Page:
Week Four: 3D Printing
I have a new nephew, and the family tradition is to do something with it.
My brother Yannai collects Android figurines. For his wedding 3.5 years ago, my other brother Yoav and I made him and his wife two aluminum-milled custom-made Android devices, built on two milled puzzle pieces and connected with screws. The idea was that every new member of the family will add a piece to the puzzle. Little did I know I’ll one day learn how to properly do 3D modeling and printing.
I took the puzzle piece CAD from Yoav, and started modeling a whole new android on top of it.
I once again used Rhino; Given that I had the pre-made puzzle piece to build on, I could not use Antimony because it does not have any import features (because of its unique graph-based design). The good thing is that most android figures can be decomposed to basic shapes: spheres, cones, cylinders, etc.
Here’s the source file, and here’s a Rhino screenshot:
Here’s a Modelo shot:
Android S by Yuval Gonczarowski Modelo »
I printed the model on two printers: One by Ultimaker and one by MakerBot. Both are printers that use filaments to print the device. The red model you see below was printed on the Makerbot; the blue was printed on the Ultimaker.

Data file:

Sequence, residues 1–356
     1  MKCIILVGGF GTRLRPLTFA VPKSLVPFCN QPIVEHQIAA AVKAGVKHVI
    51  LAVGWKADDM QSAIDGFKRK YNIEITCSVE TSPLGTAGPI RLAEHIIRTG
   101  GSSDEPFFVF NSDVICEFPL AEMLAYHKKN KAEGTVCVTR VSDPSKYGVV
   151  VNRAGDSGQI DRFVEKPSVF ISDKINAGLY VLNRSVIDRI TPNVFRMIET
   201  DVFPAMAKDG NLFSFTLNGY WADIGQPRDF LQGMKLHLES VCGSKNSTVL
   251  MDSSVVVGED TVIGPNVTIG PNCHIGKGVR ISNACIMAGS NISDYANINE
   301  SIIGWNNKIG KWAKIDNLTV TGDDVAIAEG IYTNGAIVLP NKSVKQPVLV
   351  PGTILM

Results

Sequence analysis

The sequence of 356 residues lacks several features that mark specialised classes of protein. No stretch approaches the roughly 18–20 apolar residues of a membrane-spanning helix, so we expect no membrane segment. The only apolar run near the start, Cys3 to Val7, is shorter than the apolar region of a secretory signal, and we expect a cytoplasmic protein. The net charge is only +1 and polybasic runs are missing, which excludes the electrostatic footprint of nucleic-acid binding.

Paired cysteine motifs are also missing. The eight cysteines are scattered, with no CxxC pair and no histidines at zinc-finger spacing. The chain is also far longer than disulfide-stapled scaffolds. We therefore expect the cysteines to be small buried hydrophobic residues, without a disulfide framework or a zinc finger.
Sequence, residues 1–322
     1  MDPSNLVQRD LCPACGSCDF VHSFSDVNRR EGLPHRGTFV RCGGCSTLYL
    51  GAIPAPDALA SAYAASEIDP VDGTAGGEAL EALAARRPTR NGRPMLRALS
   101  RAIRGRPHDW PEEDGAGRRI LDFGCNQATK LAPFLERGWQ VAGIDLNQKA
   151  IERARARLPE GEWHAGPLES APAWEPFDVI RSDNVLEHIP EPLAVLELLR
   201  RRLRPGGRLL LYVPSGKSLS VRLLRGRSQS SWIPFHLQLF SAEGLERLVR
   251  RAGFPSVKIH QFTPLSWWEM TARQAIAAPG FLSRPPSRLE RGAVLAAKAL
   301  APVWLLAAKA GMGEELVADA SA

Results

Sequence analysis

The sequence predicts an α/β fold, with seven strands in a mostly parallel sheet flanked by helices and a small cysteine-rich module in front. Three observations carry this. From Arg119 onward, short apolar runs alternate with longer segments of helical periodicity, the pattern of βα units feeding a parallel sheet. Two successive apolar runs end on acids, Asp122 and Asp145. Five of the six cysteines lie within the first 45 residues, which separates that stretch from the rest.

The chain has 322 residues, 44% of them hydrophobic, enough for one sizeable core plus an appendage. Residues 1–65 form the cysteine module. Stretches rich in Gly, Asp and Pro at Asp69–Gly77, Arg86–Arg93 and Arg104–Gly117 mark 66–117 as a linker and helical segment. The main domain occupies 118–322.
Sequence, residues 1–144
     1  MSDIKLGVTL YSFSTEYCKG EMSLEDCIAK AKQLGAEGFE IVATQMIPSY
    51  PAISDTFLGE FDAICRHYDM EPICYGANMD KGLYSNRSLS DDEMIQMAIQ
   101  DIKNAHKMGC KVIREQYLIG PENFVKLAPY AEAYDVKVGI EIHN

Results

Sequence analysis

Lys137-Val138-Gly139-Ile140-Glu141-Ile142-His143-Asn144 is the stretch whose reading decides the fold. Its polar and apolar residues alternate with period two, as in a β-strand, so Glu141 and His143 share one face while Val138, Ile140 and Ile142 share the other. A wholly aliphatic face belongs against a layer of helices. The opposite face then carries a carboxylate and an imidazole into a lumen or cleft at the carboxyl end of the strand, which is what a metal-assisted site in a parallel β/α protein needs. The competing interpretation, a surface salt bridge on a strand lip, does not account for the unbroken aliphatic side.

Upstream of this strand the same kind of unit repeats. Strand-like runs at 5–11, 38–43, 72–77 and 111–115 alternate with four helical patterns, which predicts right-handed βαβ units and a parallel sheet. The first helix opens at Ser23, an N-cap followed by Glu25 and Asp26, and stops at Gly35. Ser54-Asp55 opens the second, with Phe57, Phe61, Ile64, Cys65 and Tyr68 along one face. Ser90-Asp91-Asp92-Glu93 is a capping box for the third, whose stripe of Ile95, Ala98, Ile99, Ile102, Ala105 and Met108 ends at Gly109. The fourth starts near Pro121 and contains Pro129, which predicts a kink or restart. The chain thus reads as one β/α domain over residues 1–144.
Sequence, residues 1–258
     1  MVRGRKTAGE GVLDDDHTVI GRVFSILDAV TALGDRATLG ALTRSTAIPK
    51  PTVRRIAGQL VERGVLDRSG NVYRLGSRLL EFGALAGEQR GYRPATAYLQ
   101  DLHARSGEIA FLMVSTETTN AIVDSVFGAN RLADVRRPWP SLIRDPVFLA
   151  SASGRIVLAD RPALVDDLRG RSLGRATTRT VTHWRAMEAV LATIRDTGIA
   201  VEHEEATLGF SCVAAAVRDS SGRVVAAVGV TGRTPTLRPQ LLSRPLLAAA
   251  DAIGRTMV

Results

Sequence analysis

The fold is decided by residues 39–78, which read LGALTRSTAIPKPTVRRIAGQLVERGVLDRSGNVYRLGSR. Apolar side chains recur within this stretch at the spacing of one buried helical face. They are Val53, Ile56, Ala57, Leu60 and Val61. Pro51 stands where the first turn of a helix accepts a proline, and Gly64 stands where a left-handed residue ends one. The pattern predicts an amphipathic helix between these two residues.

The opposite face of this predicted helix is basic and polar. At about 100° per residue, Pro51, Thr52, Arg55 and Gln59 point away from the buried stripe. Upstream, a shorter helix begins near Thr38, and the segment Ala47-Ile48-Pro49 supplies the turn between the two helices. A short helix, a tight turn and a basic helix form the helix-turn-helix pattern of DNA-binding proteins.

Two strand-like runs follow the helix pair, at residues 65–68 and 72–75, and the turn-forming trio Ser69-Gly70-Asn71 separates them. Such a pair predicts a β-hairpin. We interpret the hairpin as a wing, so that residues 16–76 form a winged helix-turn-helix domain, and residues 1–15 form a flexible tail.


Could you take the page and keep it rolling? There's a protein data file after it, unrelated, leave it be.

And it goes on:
Here’s the MakerBot at work:
And here’s the Ultimaker at work:
Supports in the neck - a pain in the neck
3D printers have a hard time with models that have material that is not supported by gravity in its liquid nature. The legs, for example, are enough to support the Android body in Solid State, but are not enough to support the body in its liquid state. For this reason, the printing software adds supports - small columns of ink - to the final model. Those supports are then removed using tweezers or pliers after the product solidifies.
Interesting enough, the Makerbot added many more supports - throughout the entire body, whereas the Ultimaker settled only for supports around the leg and neck.
Printing time was about 5 hours; to make sure I’m on the right track and not spend a lot of time, I first printed a small prototype, 50% of the size, on the Makerbot. It looked great even though the legs and antennas broke really fast:
Here are the full-sized printed products with supports on:
- After cleaning the supports, here’s the final product - the puzzles fit!